03 June 2008

Celebrating John Dough and the Cherub

This will be JOHN DOUGH WEEK at Oz and Ends, celebrating the arrival of the 102nd-anniversary edition of L. Frank Baum's John Dough and the Cherub from Hungry Tiger Press. Yes, it's fully baked at last!

L. Frank Baum started to write John Dough on spec for Edward Bok, editor of The Ladies' Home Journal, as I'll discuss later in the week. After Bok declined to publish the story, Baum rethought and finished it for the publishing firm of Reilly & Britton, founded to issue his Marvelous Land of Oz in 1904. As with Land, Reilly & Britton commissioned John R. Neill to illustrate the book. Baum, Neill, and the firm went on to collaborate on twelve more Oz novels and many other books.

The first printings of John Dough had three-color artwork: black, red, and either yellow, green, or blue, depending on the signature. Eventually Reilly & Britton (which became Reilly & Lee) stopped printing the colored inks, and sometime in the mid-1900s let the book go out of print.

John Dough was unavailable for decades. In 1966, March Laumer's Opium Press in Hong Kong issued a small edition with new illustrations in a modern cartoony style by Lau Shiu Fan. Then in the 1970s Dover released a paperback reprint of the first printing with an introduction by Martin Gardner; that's how I first read the book. That paperback went out of print years ago. Project Gutenberg makes the text of John Dough available for free, but Neill's delightful artwork has not been republished in years.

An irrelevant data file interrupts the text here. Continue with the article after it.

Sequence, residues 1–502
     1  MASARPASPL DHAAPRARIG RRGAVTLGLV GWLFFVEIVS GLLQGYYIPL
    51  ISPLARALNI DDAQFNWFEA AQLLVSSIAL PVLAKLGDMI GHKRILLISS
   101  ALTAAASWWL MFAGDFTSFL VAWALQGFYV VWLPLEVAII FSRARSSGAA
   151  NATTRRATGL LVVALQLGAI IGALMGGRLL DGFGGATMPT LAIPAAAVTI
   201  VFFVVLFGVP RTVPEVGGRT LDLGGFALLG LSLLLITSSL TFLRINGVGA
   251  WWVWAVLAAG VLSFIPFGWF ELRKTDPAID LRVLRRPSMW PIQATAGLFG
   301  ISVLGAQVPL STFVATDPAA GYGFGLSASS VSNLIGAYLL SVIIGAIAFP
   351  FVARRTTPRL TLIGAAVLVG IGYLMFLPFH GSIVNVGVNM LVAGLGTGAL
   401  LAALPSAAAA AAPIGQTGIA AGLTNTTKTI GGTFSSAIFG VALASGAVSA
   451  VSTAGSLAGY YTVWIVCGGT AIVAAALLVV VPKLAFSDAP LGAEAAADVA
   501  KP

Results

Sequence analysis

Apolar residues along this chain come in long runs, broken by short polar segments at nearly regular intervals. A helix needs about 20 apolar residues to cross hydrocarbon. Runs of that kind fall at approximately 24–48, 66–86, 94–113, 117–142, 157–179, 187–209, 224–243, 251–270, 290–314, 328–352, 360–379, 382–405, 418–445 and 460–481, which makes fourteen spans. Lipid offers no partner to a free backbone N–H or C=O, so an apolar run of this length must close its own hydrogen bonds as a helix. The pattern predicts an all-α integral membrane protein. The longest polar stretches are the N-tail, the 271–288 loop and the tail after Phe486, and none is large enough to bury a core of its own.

The new Hungry Tiger Press edition of John Dough and the Cherub offers these features:

  • It's a handsome hardcover, with a trim size closer to the original than the shrunken Dover paperback, giving a better sense of the package Baum and Neill created for their original readers.
  • Although this book doesn't reproduce Neill's illustrations in color, it offers them all in crisp black and white. This is the first edition since Reilly & Britton/Lee's to include Neill's endpaper art, which I'll discuss later in the week.
  • The edition also reproduces Neill's two drawings of John Dough and friends from The Road to Oz, Frank Kramer's rendering of the Fairy Beaver King in The Shaggy Man of Oz, a reprint of the 1906 contest form that invited readers to decide whether the character Chick the Cherub was male or female, and other ancillary material.
  • In preparing this edition, publisher David Maxine discovered a previously undocumented change from the first printing to the later ones. In a note at the front of the book, he makes a strong case that the later printings reflect Baum's original wording--that someone at Reilly & Britton had tried to clean up some of Chick's slang, spoiling a joke, and the author got the firm to change his text back. This edition offers the slangy version.
Finally, while this edition doesn't include the insights of Martin Gardner, you get to read me discoursing on the book's historical roots and narrative structure. I used some of that material in a 2006 article for The Baum Bugle, but other parts are available only in the introduction to this Hungry Tiger Press edition.

5 comments:

ericshanower said...

I think your foreword to the book is excellent, J.L.

J. L. Bell said...

Thanks, Eric! I really appreciate that.

(There you have it, folks! A completely unbiased opinion from the book's volunteer proofreader!)

Jared said...

AUGH! I can't wait until my copy arrives!!! (I ordered it last July.)

David Maxine said...

Hooray for JOHN DOUGH week! One slight correction to today's posting... The original pictorial endpapers were retained (albeit in black and white) in at least some Reilly and Lee printings.

bon appetit -
David M.
www.hungrytigerpress.com

J. L. Bell said...

I'm being lazy and using "Reilly & Britton" to mean both that firm and its successor "Reilly & Lee."